In an effort to explore artificial intelligence (AI), Britain’s Marks & Spencer Group (M&S) is collaborating with Microsoft. Through their strategic partnership, the companies will experiment with the integration of Microsoft AI technologies into M&S stores, as well as the retailer’s broader operations, retail news source Chain Store Age reported.
“We want to be at the forefront of driving value into the customer experience using the power of technology,” Marks & Spencer CEO Steve Rowe said in a statement. “Working together with Microsoft to understand the full potential of how technology and artificial intelligence can improve the in-store experience for our customers and the efficiencies of our wider operations could be a game-changer for M&S — and for retail.”
With the partnership, Microsoft’s product personnel and AI engineers will work with the retail labs team at M&S. The move comes as the retailer unveiled a plan in November to become a “digital-first” business.
The news also comes as Microsoft is working on self-checkout technology. According to a report in Reuters which cited six people familiar with the matter, Microsoft’s Business AI team is working on cashier-less technology that would track items placed in a shopping cart, removing the need to go on line and interact with a cashier.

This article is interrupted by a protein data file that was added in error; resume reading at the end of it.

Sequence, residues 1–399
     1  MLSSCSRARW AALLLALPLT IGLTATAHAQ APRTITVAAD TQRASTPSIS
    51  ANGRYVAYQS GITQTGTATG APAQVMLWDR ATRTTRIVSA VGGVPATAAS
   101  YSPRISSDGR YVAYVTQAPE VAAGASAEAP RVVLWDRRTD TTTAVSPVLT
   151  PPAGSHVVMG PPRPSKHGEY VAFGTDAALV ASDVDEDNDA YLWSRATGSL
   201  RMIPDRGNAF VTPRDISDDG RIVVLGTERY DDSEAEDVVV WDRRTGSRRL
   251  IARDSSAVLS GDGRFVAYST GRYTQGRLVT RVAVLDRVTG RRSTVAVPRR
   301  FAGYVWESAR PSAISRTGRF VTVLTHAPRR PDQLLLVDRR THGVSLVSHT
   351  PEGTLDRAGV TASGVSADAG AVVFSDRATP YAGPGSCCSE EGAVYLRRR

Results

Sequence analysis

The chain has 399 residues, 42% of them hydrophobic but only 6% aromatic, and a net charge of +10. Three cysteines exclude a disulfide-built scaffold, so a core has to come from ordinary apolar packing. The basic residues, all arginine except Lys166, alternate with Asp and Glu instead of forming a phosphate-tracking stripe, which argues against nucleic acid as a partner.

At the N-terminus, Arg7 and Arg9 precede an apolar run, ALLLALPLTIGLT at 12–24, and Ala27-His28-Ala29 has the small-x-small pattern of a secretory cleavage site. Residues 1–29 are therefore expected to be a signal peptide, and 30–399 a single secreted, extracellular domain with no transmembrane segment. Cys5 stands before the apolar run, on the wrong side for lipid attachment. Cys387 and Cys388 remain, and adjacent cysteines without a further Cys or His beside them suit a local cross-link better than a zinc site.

Microsoft has been showing off the technology to retailers around the world, and Reuters reported the company has also held talks with Walmart about a potential collaboration. Microsoft’s Business AI group has explored placing cameras in shopping carts to track customers’ items and has researched how mobile devices can play a role. Some of the technology has already been presented to Microsoft Chief Executive Satya Nadella, noted the report.
At the same time, Amazon is gearing up to expand its Amazon Go stores into Chicago and San Francisco, which has prompted retailers to start preparing for what they think will be another disruption by the retailer.